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FDA INTERNAL COMMITTEE WILL MONITOR EUROPEAN COMMUNITY "HARMONIZATION" PROGRESS; NIGHTINGALE's OFFICE NOW INCLUDES STATE DEPT. LIAISON FOR EEC ACTIVITIES

Executive Summary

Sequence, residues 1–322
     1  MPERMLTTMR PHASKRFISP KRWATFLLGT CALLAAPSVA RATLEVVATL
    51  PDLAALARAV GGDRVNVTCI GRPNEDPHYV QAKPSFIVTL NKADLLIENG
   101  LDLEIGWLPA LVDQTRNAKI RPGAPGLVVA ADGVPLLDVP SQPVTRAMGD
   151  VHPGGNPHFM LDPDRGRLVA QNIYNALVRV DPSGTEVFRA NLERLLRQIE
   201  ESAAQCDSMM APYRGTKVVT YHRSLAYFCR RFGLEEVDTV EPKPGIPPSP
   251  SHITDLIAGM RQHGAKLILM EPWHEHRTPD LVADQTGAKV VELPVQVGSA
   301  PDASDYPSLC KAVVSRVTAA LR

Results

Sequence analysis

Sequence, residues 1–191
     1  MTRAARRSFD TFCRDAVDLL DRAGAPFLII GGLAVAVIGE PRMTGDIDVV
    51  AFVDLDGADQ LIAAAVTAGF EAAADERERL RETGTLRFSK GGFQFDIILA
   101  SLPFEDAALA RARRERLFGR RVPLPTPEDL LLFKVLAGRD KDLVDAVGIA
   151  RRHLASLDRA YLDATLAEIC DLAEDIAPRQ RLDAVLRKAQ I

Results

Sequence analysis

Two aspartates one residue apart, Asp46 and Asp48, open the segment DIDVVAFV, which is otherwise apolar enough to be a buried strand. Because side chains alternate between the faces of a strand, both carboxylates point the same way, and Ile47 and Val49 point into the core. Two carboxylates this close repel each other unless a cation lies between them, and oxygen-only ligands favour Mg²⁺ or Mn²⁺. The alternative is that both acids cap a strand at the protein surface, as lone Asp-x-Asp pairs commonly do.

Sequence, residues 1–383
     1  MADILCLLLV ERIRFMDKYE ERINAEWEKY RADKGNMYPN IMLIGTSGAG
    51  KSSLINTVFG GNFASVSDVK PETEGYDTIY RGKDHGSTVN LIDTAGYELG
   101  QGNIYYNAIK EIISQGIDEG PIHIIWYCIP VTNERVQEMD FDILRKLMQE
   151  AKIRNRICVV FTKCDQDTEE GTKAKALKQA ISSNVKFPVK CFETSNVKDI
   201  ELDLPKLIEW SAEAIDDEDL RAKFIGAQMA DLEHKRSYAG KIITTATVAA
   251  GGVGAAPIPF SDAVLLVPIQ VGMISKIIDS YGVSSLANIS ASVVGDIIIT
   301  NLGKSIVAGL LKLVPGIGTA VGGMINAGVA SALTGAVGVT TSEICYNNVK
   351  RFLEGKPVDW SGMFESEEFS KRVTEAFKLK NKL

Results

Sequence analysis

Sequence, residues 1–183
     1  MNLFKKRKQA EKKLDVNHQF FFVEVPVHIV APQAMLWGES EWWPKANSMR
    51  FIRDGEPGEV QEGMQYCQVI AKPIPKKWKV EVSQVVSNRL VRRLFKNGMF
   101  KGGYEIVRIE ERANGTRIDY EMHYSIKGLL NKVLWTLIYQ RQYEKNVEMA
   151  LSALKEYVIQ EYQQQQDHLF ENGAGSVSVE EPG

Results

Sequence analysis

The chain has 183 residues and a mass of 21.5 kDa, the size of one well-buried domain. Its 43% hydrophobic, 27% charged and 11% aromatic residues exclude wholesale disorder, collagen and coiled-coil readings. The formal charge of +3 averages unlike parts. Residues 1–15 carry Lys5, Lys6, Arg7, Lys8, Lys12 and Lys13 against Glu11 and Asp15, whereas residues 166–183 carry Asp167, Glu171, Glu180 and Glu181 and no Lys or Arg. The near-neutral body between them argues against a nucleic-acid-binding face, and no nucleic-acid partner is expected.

FDA is establishing an internal committee comprised of representatives from each of the centers and from the Office of Regulatory Affairs to review European Economic Community (EEC) "harmonization" activities that affect FDA-regulated products. At a top-level briefing attended by FDA Commissioner Young and FDA center heads on Nov. 23, participants discussed how the agency can effectively monitor and review EEC regulatory developments. The meeting, called by Associate Commissioner of Health Affairs Stuart Nightingale, MD, to update the commissioner on the EEC's plan to eliminate internal trade barriers by Jan. 1, 1993, was prompted by a recent trip to Brussels by John Villforth, director of the Center for Devices and Radiological Health. The device center has been particularly active in monitoring the EEC's review of medical device regs. For example, the center helped plan the agenda of a Regulatory Affairs Professionals Society meeting on EEC activities in Amsterdam last June. Nightingale, who is coordinating FDA's review of EEC activities, recently met with EEC representatives in their Washington office. In addition, FDA recently brought on board William Bartley, on loan from the State Department where he was a health attache at the U.S. mission in Geneva for eight years after a term with the Department of Energy. Bartley has been placed in the Office of Health Affairs to assist in the EEC harmonization monitoring effort at FDA. One of his roles is to serve as the FDA representative to an interagency task force that prepares materials for the Advisory Committee on Trade Negotiation, an industry group that meets periodically with the U.S. Trade Representative (USTR). Under Nightingales's supervision, FDA will continue to review pertinent regulatory directives issued by the 12-member EEC. The Department of Commerce has estimated that 30 directives relate to FDA activities, including six that pertain to pharmaceutical issues. FDA is attempting to enter the harmonization dialogue by passing comments on EEC directives through the U.S. International Trade Commission and the USTR's office. The ITC and the USTR office have been designated to process EEC-related communications from U.S. federal agencies and industry. The EEC directives fall into two groups - those already ratified by EEC member states and those subject to further modification. FDA's means for input on the EEC harmonization program are limited; there is no formal EEC provision for third-party input on the directives. Among the concerns at FDA is whether, after removing internal trade barriers, EEC will erect external barriers to free trade. In a larger, more self-reliant European market, economic concerns could come to overshadow safety and effectiveness factors. A second issue concerning FDA is whether EEC will "harmonize" with FDA on the criteria used in evaluating safety and efficacy of products. In the regulation of medical devices, for example, EEC considers a product to be in compliance as long as it meets the essential safety requirements outlined by the medical device directives. At this stage, there is no effectiveness component in the product review process. In addition, FDA currently accepts laboratory data from foreign companies conforming to memoranda of understanding that uphold FDA laboratory standards. FDA is concerned whether these and other quality control agreements will still be valid after 1992. In a related Oct. 31 FDA meeting, Merck Senior-VP Charles Leighton, MD, discussed possible regulatory alternatives that could appear in the EEC drug registration draft directive expected to be issued in late 1989 or early 1990. These include an FDA-like centralized regulatory agency, mutual recognition among the 12-nation regulatory network, or a compromise of both possiblilities.
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